G.W. Kent Moore

Associate Professor

Department of Physics
University of Toronto
60 St. George Street
Toronto, Ontario

Tel: (416) 978-4686
Fax: (416) 978-8905
E-mail: gwk.moore@utoronto.ca

Atmospheric Physics (Theoretical)

Geophysical fluid dynamics; baroclinic instability; mesoscale meteorology.

Research Papers Post-Docs Students Courses

B. Sc., Guelph (1979); Ph.D. Princeton (1984). NSERC Postdoctoral Fellow, University of Toronto (1984-85).

To most people, our weather appears to be a random and chaotic phenomenon. Although there are obvious diurnal and seasonal cycles, our day-to-day weather continues to be perceived as being quite unpredictable. However, a careful investigation of weather charts and satellite photographs shows that there are in fact well defined and coherent systems that are responsible for much of our weather. The existence of a coherent system embedded in an otherwise chaotic fluid is indicative of the existence of a dynamical instability in the fluid. The instability is responsible for a bifurcation in which the fluid changes from dynamical regime to another. My research is centered upon identifying and understanding the dynamical processes responsible for these bifurcations.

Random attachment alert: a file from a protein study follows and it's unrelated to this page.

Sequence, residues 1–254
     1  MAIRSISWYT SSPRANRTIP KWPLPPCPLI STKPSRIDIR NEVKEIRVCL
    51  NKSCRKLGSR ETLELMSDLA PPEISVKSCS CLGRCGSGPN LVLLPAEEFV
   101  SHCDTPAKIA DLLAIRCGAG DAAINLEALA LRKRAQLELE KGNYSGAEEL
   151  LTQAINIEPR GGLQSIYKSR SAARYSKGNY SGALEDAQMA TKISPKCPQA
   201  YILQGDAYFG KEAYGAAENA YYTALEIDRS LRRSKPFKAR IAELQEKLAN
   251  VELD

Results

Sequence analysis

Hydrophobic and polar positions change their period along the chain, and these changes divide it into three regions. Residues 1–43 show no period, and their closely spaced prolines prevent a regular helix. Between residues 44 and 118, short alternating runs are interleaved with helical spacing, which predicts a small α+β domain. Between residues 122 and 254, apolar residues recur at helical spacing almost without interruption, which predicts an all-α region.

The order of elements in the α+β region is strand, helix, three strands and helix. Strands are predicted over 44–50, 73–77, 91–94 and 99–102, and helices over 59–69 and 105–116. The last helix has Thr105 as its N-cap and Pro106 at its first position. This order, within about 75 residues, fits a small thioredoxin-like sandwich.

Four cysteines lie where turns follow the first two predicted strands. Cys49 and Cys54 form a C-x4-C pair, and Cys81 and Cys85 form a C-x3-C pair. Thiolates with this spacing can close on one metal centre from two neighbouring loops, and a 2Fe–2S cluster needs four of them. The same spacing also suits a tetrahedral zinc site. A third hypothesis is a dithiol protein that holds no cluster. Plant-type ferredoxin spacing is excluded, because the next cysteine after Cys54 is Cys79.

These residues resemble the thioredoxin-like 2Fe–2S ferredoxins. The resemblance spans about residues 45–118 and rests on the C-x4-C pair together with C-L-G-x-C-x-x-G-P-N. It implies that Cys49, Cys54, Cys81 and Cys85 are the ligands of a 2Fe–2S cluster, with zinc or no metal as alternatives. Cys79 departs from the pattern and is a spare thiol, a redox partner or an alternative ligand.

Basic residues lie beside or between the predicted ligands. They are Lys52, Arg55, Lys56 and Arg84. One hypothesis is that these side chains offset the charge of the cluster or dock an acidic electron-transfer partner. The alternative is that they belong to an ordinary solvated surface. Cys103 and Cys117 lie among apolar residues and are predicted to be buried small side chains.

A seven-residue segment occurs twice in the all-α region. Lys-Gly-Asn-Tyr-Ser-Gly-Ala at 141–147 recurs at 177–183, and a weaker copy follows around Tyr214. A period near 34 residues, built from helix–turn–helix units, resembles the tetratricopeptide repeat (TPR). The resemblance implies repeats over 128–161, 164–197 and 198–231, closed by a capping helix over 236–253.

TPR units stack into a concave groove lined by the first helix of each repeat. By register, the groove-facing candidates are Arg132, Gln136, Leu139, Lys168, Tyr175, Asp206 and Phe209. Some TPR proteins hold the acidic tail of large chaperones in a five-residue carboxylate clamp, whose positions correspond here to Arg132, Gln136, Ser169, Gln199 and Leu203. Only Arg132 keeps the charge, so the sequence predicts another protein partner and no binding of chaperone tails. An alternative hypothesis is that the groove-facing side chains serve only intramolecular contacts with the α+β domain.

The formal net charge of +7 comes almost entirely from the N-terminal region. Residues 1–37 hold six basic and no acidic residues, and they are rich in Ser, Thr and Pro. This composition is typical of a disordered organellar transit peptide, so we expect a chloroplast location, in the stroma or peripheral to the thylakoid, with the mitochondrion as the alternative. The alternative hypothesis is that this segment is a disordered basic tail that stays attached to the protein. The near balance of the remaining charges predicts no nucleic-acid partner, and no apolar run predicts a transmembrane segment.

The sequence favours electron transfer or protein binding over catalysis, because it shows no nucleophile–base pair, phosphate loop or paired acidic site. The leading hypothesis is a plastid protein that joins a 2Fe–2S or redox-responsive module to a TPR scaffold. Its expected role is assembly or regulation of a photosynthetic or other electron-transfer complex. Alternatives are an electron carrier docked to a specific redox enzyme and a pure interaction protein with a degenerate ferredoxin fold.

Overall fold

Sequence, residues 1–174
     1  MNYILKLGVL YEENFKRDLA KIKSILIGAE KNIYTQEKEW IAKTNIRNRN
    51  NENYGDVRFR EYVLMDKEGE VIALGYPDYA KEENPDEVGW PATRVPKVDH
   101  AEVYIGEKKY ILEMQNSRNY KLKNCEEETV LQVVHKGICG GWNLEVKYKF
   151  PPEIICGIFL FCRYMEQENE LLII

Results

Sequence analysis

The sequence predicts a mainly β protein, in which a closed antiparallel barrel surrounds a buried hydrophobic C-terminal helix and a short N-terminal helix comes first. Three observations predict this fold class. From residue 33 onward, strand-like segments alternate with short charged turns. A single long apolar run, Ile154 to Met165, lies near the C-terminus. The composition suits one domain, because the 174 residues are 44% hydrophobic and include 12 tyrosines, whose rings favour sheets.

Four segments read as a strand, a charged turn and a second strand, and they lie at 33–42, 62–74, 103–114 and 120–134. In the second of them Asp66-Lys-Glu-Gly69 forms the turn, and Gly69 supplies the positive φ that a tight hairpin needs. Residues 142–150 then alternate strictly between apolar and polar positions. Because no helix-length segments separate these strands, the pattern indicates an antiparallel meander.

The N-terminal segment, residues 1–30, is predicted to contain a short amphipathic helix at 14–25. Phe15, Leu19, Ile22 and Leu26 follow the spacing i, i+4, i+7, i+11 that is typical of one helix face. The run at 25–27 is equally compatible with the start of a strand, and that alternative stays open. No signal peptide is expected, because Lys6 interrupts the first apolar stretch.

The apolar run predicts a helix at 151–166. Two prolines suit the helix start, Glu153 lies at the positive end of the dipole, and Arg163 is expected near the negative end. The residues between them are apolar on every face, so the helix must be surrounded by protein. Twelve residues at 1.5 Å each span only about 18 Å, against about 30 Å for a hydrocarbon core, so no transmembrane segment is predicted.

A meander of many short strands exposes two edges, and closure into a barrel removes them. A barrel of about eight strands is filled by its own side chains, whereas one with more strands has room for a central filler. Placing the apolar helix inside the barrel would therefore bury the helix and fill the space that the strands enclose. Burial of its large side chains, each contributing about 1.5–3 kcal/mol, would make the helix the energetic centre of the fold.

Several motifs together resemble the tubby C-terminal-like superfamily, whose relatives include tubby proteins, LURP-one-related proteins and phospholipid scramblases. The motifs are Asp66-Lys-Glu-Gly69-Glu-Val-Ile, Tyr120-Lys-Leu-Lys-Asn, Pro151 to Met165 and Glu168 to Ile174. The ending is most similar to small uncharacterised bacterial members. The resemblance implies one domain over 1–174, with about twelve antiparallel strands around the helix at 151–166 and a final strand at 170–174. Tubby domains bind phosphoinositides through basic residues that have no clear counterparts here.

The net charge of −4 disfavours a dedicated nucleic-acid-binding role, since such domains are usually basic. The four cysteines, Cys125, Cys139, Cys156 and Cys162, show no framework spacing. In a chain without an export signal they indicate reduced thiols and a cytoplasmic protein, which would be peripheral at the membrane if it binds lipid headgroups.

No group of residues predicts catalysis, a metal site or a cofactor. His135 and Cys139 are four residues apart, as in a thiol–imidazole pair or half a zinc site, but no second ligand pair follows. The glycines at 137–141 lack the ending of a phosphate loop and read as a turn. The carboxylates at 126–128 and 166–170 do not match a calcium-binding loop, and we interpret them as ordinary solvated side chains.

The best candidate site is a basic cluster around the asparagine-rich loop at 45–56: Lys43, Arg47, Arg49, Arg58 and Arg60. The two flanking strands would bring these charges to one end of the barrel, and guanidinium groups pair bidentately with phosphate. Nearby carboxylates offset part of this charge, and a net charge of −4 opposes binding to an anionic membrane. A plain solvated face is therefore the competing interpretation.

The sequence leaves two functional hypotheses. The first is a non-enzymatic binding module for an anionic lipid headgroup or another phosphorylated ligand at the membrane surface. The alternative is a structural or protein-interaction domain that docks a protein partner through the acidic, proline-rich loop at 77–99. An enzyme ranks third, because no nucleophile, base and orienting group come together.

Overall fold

One of the most important of these systems is the frontal cyclone (see Figure). Although they were first identified in the middle of the nineteenth century, it has only been recently that my research has led to the identification of the dynamical process responsible for their development. Research is continuing into this important new bifurcation which we have called the cyclone- scale mode of baroclinic instability. The preferred region for the development of this new instability are the regions of enhanced thermal gradients known as frontal zones. These zones are the result of large-scale atmospheric circulation that acts to concentrate the initially uniform equator-to- pole temperature contrast into a narrow zone. The cyclones that develop via this mechanism draw on the potential energy stored within the front.

Frontal zones are interesting in their own right and I am currently investigating the ways by which they are modified by interactions with topography or with regions in which there is a large surface heat flux. I am also investigating the mechanisms by which gravity waves may be excited by the passage of frontal zones.

  • Marco de La Cruz
  • Sudharshan Sathiyamoorthy
  • Vladimir Smirnov

  • Ian Renfrew
  • Mariusz Pagowski

    Research Papers Post-Docs Students Courses

    This site is maintained by G.W. Kent Moore.
    Last updated May 9, 1997.